UCLA–Veterans Affairs scientists identify source of epileptic condition in kids
Imagine losing consciousness up to 200 times daily while you're learning in a classroom, playing baseball, taking ballet lessons or riding a bike.
This "blanking out" is a common occurrence in the life of patients with childhood absence epilepsy, or CAE. Such "absent" seizures, during which consciousness is impaired, can leave children staring blankly, unaware and unresponsive, for up to 10 seconds at a time.
UCLA–Veterans Affairs scientists have for the first time pinpointed the mutated gene responsible for the development of CAE, which may also help explain why the disease mysteriously disappears in adulthood. Published in the May 29 online edition of the American Journal of Human Genetics, the findings could help lead to the development of new treatments and cures for this and other forms of epilepsy.
"Childhood absence epilepsy strikes at a critical developmental age that can result in scholastic and learning disabilities, as well as problems in social adaptation and family interactions," said study author Dr. Antonio V. Delgado-Escueta, professor-in-residence of neurology at the David Geffen School of Medicine at UCLA and the Epilepsy Genetics/Genomics Laboratories of the Epilepsy Center at the Veterans Affairs Greater Los Angeles Healthcare System in West Los Angeles.
An inherited disorder, CAE accounts for 10 to 12 percent of epilepsy cases in children under 16.
Several medications, including valproate, ethosuximide and clonazepam, are currently effective in controlling the majority of absence seizures.
UCLA-VA research scientist and study author Dr. Miyabi Tanaka examined the DNA of 48 patients with CAE and discovered that four of them had a genetic mutation occurring in a receptor known as GABAR, which binds to a neurotransmitter in the brain called GABA. GABA inhibits the excitation of nerve cells in child and adult brains — when this regulation is lost or reduced, seizures develop.
"We identified this genetic mutation in 8 percent of study patients with CAE, which is significant," said study author Richard W. Olsen, a professor in the department of molecular and medical pharmacology at the Geffen School of Medicine.
Scientists also found that the mutated gene affected several generations of families. They noted that the variations were absent in the DNA of 630 healthy people who did not have CAE.
Genes direct the production more than 100,000 proteins that are responsible for all the body's functions, from digestion and movement to fighting infections.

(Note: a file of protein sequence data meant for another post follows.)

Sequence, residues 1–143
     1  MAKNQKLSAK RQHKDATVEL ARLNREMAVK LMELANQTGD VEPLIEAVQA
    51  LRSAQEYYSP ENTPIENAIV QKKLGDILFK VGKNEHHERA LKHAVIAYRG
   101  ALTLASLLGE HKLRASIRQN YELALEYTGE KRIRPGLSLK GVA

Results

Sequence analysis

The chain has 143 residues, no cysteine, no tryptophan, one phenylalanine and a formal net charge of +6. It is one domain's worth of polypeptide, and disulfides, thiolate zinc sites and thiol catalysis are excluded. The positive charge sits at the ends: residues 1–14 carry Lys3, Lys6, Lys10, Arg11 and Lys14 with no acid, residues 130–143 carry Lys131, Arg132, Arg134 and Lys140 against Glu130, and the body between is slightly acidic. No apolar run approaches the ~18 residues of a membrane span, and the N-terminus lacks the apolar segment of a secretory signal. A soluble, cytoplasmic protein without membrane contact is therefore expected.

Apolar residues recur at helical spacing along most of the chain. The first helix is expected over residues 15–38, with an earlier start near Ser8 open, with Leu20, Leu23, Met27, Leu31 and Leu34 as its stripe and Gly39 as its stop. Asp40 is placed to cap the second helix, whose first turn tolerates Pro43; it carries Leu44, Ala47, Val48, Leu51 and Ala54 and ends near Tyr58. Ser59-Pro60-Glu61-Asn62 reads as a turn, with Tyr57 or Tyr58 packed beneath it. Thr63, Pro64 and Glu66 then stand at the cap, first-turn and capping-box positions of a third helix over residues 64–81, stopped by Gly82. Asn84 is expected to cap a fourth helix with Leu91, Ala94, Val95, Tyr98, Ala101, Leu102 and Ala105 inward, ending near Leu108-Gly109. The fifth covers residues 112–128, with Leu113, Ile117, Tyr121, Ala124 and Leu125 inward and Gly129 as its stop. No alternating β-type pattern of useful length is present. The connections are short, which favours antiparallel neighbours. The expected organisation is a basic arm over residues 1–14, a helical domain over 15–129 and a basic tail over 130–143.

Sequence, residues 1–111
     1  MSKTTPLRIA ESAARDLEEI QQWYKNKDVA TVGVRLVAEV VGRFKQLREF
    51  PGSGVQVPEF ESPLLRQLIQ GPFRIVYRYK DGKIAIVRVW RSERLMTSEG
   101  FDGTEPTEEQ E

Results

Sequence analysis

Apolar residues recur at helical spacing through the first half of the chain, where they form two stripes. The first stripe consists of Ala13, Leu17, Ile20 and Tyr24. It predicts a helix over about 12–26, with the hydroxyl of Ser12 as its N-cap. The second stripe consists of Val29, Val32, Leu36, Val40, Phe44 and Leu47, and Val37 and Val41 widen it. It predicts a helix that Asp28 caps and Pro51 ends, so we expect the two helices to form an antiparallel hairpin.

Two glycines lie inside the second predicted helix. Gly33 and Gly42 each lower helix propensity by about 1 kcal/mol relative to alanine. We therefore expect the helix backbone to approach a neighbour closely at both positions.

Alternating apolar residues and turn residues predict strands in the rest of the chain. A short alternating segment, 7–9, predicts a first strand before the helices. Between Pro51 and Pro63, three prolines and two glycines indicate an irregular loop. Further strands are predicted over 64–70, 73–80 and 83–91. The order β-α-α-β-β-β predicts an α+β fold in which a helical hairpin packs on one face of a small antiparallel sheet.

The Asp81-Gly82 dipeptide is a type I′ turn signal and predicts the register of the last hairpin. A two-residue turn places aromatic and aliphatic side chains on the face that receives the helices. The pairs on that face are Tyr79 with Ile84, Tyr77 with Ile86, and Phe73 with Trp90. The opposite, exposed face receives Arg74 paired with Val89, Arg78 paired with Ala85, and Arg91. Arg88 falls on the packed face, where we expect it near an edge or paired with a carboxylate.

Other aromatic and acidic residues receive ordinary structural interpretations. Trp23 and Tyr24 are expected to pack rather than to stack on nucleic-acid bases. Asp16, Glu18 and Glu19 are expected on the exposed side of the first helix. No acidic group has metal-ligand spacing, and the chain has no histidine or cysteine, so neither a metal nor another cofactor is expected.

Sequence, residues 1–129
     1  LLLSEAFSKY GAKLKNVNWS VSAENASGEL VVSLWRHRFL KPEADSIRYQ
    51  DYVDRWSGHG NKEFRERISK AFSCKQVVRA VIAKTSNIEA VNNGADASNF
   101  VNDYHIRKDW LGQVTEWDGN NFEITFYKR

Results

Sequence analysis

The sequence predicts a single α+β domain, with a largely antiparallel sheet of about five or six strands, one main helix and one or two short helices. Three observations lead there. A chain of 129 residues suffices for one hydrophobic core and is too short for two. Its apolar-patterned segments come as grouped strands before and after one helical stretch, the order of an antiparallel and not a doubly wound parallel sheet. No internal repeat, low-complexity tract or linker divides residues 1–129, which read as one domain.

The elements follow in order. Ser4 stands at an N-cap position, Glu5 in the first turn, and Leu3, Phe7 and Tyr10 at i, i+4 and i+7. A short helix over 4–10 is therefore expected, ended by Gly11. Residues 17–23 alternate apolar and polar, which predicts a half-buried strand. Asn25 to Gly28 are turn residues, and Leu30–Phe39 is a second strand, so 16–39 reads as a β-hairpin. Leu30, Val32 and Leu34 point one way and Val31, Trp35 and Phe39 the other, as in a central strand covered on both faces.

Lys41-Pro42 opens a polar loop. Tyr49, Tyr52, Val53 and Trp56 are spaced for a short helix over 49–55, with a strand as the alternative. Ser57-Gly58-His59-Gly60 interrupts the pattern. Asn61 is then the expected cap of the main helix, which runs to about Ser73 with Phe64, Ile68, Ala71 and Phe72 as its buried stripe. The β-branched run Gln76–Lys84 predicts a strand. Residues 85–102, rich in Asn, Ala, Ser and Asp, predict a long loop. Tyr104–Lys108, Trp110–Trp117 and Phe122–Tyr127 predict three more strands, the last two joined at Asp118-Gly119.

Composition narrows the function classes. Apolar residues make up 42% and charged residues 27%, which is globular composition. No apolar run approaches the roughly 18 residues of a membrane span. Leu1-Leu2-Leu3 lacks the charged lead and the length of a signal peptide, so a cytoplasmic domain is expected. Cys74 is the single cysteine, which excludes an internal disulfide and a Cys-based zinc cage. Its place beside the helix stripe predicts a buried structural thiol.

Researchers located the genetic mutation in a subunit gene of the GABAR receptor called GABRB3. Surprisingly, they found that the problem didn't lie in the main body of GABRB3 but in a signal peptide, which guides genetic information, like an escort, to the factory inside the cell that manufactures the proteins ordered by genes.
This GABRB3 peptide — an alternative signal peptide known as exon 1A — is richly expressed in the fetus and developing brain, but its expression is reduced as children mature and become adults.
"This may help explain why CAE disappears during adolescence and adulthood, since exon 1A is not expressed at an adult age in the critical region responsible for absence seizures," said Tanaka, a research scientist with the UCLA Department of Molecular and Medical Pharmacology and the VA Epilepsy Center.
The research team found that the signal peptide with the mutation caused the developing protein to be excessively modified by sugars, which led to a reduced number of GABAR receptors on the surface of the nerve cell. This, in turn, caused a reduction in the total GABA currents that help regulate the nerve cells, leading to the "absent" seizures found in CAE.
The scientists note that this may lead to radical new treatment approaches for epilepsy that could involve suppressing the genetic expression of the mutated signal peptide.
According to researchers, the next step will involve studying a larger population of children with CAE who have no family history of epilepsy in order to determine how common these genetic mutations are in the patient population and the general public.
The research was funded by the National Institutes of Health and the U.S. Department of Veterans Affairs.
Three laboratories collaborated on the basic aspects of the research: the UCLA Department of Molecular and Medical Pharmacology; the Epilepsy Genetics/Genomics Laboratories of the Epilepsy Center at the Veterans Affairs Greater Los Angeles Healthcare System; and the Vanderbilt University Department of Neurology.
In addition, several collaborators in the international genetic epilepsies consortium GENESS — led by Dr. Maria Elisa Alonso, of Mexico, and Dr. Marco T. Medina, of Honduras, with Dr. Delgado-Escueta — participated in the family genetic studies. They included the National Autonomous University of Honduras; the National Institute of Neurology and Neurosurgery, Mexico; the University of Sonora, Mexico; University Hospital La Paz, Spain; and Nuestra Senora de La Paz Hospital, El Salvador.